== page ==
Coach John Anderson said part of the donation was used to renovate the team’s locker room.

Whether you’re trying to patch together $100 for a youth trip or $100 million to pay for a facility upgrade, fundraising can be an arduous task. Even if you make an emotional connection with a prospective donor, there’s still the matter of convincing that person to give his or her hard-earned money away.

Fundraising can be an arduous task. On occasion, though, it happens naturally, and when it does, it’s a beautiful thing — as Gophers baseball coach John Anderson can attest.

His baseball program announced recently that it had received a $419,000 gift from an anonymous donor. 

“It was from a donor, a lifelong Gophers baseball fan,” Anderson said. “Early in the 2000s, I used to see the guy at games. Finally we connected, and I got a call from him one day maybe eight or nine years ago. He indicated that he wanted to leave something in his will for the program. He was never married and had no children. He asked if I could hook him up with someone in the University Foundation, and I said absolutely. 

“I had no idea what this guy was talking about in terms of money. I didn’t ask how much it was, I just asked how he would like us to use it when the day comes — is there anything specific in his wishes. He said no, he wanted it to be at the discretion of the baseball coaches and however it could help the program. He was just a lifelong fan of the program and its impact.”

Anderson said he would occasionally see the fan at games and chat with him, but that he had “somewhat forgotten about” the fan’s promise of a legacy gift until a few months ago, when Anderson found out the fan had died.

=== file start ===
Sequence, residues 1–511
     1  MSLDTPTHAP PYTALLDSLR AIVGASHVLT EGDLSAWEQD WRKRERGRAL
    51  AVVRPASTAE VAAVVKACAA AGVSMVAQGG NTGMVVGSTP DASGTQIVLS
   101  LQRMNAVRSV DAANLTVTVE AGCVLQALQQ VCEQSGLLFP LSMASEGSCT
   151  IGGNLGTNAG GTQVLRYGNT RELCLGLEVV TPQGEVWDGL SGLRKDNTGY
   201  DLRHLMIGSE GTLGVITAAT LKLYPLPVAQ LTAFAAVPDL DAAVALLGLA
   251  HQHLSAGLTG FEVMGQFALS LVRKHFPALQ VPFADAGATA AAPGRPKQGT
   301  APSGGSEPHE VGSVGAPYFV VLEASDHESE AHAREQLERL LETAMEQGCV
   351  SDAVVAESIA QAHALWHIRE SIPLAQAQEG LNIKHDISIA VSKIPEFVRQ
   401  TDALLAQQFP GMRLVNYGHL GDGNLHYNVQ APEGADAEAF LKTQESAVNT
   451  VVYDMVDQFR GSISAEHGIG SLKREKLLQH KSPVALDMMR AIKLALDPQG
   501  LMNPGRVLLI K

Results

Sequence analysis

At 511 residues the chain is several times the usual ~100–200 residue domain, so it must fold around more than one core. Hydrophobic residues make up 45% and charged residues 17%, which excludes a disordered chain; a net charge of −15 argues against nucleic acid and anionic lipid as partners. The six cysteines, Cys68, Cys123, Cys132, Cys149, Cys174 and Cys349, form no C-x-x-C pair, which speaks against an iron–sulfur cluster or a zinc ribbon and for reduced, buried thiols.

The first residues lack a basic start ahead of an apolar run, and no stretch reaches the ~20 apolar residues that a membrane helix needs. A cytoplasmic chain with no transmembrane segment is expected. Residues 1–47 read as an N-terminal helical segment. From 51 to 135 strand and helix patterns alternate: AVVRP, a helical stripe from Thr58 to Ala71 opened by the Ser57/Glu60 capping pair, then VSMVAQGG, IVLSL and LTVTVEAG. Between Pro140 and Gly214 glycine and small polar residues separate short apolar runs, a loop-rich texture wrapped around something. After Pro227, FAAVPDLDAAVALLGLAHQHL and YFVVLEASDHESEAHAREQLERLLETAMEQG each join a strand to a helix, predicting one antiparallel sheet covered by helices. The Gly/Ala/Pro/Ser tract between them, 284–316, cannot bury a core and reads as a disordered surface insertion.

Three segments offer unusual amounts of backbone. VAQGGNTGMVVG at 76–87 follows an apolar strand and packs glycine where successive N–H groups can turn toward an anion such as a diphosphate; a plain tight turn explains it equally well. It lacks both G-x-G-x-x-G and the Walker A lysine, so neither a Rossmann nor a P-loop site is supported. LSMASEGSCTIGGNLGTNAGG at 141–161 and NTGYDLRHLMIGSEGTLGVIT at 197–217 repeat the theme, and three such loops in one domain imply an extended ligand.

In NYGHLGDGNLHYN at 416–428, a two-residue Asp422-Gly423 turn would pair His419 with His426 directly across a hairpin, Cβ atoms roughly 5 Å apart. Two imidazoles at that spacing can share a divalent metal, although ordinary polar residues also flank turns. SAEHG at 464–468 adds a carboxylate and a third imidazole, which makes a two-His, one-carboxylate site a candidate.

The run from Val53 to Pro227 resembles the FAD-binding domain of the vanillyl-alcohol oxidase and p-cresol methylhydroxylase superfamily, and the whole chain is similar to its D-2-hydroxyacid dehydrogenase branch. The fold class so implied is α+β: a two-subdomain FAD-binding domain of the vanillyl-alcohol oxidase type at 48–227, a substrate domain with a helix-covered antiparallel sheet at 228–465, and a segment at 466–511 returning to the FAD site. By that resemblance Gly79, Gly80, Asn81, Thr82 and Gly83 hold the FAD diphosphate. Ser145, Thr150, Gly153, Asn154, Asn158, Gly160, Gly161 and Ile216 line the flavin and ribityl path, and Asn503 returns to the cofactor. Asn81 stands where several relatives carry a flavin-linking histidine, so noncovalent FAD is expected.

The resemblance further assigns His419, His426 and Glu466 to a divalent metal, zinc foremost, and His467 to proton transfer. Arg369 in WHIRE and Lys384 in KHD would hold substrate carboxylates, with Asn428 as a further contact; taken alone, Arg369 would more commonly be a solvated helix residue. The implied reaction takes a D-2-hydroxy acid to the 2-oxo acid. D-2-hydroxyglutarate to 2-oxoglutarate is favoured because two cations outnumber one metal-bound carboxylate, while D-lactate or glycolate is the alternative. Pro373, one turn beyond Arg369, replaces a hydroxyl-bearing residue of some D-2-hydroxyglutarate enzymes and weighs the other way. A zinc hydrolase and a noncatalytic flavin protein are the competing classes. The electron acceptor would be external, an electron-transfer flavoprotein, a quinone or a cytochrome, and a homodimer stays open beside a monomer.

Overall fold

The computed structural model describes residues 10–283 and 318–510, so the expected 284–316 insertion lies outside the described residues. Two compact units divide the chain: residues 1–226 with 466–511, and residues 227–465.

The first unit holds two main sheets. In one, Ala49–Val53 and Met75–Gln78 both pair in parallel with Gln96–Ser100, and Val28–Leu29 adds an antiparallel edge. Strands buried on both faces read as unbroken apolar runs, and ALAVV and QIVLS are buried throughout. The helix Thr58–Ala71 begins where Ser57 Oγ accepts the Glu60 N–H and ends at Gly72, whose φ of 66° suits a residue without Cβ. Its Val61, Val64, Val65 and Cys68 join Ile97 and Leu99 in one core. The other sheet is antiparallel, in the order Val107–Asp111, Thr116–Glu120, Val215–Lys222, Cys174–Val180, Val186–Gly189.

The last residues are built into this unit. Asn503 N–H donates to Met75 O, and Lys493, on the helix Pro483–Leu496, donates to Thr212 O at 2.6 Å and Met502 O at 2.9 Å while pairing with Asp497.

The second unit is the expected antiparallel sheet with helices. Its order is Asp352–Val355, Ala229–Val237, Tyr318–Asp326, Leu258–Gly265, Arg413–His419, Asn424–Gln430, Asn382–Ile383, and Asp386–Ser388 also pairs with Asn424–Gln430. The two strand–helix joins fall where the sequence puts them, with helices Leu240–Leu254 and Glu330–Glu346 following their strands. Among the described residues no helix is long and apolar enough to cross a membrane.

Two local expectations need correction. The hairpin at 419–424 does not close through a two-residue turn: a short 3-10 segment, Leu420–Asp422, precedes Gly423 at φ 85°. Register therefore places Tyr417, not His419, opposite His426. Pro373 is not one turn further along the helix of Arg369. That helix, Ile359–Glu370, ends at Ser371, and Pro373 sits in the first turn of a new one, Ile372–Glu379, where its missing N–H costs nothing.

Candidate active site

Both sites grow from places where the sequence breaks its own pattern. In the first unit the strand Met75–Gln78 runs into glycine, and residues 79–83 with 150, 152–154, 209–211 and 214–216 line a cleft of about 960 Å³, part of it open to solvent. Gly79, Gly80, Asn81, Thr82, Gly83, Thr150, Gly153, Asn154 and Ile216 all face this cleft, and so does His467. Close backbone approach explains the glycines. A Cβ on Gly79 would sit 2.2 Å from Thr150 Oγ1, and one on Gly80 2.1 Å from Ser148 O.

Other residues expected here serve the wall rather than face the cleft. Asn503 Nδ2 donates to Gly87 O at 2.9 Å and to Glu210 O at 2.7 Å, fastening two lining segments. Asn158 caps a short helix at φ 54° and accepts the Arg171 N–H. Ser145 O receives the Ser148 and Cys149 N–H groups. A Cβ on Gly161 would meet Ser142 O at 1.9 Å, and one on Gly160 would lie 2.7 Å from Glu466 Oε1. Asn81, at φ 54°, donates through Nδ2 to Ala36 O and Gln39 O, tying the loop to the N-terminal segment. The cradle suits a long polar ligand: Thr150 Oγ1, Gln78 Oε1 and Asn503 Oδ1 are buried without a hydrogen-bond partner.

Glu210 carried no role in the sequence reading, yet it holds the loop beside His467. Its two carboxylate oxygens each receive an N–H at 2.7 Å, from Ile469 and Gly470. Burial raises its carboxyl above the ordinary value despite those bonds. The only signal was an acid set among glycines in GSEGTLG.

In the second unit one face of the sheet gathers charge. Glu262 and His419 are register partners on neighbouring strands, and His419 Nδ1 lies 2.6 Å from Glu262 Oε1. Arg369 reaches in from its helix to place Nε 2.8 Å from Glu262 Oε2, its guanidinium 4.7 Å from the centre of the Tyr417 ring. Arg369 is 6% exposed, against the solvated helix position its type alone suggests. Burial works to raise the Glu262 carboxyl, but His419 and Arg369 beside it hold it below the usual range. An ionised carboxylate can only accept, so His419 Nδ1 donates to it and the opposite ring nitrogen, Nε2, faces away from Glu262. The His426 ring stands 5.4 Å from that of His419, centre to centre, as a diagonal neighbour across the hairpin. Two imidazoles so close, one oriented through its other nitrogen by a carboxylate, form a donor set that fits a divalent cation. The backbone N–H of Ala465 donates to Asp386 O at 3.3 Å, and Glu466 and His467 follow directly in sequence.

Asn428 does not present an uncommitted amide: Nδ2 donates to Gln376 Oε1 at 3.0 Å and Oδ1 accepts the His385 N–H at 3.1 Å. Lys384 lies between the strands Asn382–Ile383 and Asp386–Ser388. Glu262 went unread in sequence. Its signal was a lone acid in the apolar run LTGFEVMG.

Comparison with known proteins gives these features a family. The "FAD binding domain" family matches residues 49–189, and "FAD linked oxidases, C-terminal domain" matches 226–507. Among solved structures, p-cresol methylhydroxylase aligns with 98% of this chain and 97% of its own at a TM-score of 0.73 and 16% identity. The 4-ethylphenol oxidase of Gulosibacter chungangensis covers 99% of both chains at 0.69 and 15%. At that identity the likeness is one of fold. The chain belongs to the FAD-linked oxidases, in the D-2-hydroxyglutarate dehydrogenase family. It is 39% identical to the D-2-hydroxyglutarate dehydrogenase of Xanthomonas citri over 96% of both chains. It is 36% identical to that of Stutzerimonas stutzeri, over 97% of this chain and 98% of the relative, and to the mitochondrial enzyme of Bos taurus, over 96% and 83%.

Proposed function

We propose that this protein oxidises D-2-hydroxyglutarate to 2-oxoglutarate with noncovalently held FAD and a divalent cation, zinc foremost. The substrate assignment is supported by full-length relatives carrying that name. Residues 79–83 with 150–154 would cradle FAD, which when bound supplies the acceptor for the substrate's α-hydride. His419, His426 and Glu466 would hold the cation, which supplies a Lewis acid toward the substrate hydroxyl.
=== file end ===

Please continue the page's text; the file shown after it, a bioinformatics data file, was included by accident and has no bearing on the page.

“I would have gone to the funeral, but I was at Flip Saunders’ funeral. It was the same day, same time,” Anderson said. “But I wrote back to the foundation and asked how much the gift was. I was curious. And it was $419,000. I just about fell over when I read my e-mail. It was quite an inspiring gift.”

Anderson said $150,000 of the gift was used for renovating the Gophers locker room.

“We had an antiquated locker room with no security. Guys had a hard time getting things in and out of their lockers, which were from the 1970s,” he said. “It’s been a point of contention with me for a long time. And the kids are ecstatic about it. We did the renovation over [winter] break, and to see them when they came back, it lifted their world. They finally have something that’s special and that’s for them. 

“It’s a place where we can really grow our culture. Players are living all over the place, and it’s a place where they’re in there more, they’re spending time together. It’s not the Taj Mahal by any means, but it’s functional.”

And one gift begat another. As you might have read about a couple weeks back, freshman Ben Humbert asked former Gopher and current Twins pitcher Glen Perkins via Twitter for a PS4 to put in the new locker room. The wish was granted almost immediately.

“That was funny,” Anderson said. “The kid that did it mentioned it to me before we were getting ready for a meeting, and I thought he was kidding. All of the sudden this thing turns viral. He’s a freshman from International Falls. I’m sure the guys were probably sitting around the locker room. I haven’t asked a lot of questions about it. They were probably wondering how they were going to get a PS4. Someone probably put out a challenge to get ahold of Perk. They never came to me and never asked, but good for them. He tweeted out to Perk and 20 minutes later he had an answer. I told the kid, ‘good for you.’ I tell the kids to take risks, and he showed some leadership. It’s been fun for them.”

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